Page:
BACKGROUND: On June 5, 2018, voters passed Proposition 68 with a majority vote of 58%. Proposition (Prop) 68, also known as the California Drought, Water, Parks, Climate, Coastal Protection, and Outdoor Access for All Act of 2018, authorizes $4 billion in general obligation bonds for the creation and rehabilitation of state and local parks; natural resources protection projects; climate adaptation projects; water quality and supply projects; and flood protection projects. Funds from Prop 68 are administered in part by the California Department of Forestry and Fire Protection (CAL FIRE) through its Urban and Community Forestry projects, which optimize the benefits of trees and related vegetation through multiple-objective projects as specified in the California Urban Forestry Act of 1978 in Public Resources Code (PRC) 4799.06-4799.12. In fiscal year 2018/19, CAL FIRE expects to award at least $13.5M of Prop 68 funding through its Urban and Community Forestry projects.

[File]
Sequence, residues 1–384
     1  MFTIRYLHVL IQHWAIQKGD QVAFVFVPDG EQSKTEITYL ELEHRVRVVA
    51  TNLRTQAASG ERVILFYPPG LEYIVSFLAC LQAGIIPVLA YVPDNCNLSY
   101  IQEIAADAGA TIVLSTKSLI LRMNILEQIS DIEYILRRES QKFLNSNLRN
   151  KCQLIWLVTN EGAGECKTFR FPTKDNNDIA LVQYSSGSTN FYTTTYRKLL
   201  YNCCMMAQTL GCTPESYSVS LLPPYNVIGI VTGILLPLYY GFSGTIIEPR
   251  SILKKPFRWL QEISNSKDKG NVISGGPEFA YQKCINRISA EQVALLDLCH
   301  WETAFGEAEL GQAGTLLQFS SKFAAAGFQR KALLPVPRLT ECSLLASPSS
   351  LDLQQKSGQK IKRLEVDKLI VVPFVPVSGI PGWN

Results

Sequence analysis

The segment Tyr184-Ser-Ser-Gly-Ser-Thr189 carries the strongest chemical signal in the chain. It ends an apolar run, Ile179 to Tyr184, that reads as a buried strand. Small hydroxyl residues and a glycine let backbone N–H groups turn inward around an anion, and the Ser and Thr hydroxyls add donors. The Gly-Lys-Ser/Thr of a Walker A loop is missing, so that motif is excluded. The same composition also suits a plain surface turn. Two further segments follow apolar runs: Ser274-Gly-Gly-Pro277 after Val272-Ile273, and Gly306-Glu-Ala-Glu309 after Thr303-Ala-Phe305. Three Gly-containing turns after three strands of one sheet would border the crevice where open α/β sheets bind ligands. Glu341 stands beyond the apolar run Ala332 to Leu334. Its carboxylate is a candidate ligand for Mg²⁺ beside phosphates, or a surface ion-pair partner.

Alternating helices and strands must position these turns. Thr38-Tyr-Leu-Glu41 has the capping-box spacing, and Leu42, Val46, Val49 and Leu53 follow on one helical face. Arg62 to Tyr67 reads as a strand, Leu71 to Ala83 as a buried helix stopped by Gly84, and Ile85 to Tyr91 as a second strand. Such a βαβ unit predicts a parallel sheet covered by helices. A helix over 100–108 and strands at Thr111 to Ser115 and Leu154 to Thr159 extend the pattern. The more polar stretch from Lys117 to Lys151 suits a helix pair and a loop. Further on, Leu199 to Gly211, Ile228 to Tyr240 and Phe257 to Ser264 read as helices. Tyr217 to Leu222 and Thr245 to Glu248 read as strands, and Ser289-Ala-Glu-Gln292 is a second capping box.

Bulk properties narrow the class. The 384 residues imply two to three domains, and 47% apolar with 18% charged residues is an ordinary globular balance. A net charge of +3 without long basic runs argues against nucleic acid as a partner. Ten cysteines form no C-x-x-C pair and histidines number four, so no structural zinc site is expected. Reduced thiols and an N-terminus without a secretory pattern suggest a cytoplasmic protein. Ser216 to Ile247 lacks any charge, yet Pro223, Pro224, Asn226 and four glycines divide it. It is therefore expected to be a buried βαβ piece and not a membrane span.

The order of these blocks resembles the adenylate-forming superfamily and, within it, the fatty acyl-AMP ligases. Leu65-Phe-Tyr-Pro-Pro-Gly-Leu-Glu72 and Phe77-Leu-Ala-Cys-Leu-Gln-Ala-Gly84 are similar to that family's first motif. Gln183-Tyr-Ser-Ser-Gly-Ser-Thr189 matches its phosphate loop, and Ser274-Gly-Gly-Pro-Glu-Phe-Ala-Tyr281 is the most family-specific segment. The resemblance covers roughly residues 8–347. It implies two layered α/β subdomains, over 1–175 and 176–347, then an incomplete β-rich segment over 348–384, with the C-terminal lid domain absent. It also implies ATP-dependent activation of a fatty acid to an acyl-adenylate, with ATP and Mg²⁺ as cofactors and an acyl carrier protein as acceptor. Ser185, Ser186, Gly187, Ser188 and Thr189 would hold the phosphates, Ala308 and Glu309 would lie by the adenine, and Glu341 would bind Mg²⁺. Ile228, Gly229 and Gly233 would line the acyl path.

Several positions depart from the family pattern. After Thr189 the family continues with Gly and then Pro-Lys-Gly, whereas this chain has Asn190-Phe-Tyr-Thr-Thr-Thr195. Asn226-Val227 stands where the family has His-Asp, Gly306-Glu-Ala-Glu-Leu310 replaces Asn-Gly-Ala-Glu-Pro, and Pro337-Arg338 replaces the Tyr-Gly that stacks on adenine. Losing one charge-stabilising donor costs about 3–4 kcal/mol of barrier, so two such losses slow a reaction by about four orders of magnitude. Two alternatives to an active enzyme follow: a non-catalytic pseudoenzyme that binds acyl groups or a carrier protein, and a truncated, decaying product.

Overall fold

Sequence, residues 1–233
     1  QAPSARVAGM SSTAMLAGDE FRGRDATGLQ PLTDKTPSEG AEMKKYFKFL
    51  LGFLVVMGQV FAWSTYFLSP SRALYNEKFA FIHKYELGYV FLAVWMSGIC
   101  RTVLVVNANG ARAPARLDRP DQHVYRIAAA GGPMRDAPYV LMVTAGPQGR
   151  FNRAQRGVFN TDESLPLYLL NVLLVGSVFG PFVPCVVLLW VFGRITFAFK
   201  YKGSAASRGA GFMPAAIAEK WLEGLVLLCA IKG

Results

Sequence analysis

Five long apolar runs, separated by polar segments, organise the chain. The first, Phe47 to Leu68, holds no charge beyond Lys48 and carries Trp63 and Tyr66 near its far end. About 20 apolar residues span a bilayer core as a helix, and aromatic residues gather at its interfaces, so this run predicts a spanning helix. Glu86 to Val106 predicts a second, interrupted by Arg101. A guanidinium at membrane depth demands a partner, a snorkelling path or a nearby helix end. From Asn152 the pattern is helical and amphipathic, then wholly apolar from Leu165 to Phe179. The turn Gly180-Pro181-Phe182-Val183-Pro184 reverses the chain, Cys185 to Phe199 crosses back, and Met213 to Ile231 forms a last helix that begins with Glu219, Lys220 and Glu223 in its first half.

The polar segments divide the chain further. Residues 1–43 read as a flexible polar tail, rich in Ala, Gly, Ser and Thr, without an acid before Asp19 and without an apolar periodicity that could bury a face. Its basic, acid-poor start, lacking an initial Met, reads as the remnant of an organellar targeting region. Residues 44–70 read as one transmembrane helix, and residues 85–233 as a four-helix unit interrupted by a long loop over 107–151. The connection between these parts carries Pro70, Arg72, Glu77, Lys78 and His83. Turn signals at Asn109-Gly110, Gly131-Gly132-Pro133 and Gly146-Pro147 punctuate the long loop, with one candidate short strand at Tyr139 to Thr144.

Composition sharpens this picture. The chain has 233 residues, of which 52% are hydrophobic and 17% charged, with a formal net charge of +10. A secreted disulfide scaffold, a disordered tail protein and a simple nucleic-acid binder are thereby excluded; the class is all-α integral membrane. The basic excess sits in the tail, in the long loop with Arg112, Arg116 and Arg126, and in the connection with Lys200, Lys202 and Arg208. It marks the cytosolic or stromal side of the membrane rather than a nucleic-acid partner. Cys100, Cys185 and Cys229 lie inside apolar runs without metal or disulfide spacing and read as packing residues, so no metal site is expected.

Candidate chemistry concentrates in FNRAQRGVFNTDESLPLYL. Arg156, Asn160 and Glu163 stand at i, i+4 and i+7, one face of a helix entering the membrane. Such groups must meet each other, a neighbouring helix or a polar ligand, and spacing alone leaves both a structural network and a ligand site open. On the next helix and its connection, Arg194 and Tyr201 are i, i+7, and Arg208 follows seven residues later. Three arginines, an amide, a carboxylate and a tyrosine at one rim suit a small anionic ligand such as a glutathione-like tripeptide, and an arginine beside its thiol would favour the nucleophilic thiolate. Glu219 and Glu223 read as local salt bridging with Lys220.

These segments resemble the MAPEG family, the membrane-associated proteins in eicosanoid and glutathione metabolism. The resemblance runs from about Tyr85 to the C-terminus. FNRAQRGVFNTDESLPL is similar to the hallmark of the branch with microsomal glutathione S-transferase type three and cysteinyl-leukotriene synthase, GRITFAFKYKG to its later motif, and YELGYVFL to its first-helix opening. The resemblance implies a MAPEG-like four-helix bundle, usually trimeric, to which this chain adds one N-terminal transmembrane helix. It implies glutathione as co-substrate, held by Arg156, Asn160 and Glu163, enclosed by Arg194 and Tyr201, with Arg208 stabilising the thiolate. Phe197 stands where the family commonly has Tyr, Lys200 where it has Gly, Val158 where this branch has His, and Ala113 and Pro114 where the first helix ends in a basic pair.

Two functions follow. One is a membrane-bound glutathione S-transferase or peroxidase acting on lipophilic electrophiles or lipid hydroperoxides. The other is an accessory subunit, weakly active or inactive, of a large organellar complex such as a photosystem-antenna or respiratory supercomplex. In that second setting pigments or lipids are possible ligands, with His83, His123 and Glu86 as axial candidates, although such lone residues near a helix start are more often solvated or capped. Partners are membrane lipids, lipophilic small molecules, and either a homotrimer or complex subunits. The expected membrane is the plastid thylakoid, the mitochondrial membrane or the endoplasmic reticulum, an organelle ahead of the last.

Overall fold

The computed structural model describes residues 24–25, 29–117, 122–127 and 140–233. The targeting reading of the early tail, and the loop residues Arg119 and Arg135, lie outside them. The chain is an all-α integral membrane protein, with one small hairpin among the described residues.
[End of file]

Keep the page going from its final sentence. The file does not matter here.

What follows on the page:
In November 2018, staff submitted a concept proposal to CAL FIRE, under the category of Urban Forest Management Activities. This category funds projects that will result in a net greenhouse gas (GHG) benefit and play a significant role in meeting the State’s GHG emission reduction targets. The grant proposal includes the following scope of work:

 

·         Develop an Urban Forest Management Plan

·         Complete a comprehensive City-wide inventory of all public trees

·         Conduct a Canopy Assessment

·         Update the Tree ordinances

·         Establish a Tree Advisory Committee

·         Conduct community engagement and outreach

·         Plant 250 trees, 84 of which will be planted within an area identified as a Disadvantaged Community (DAC)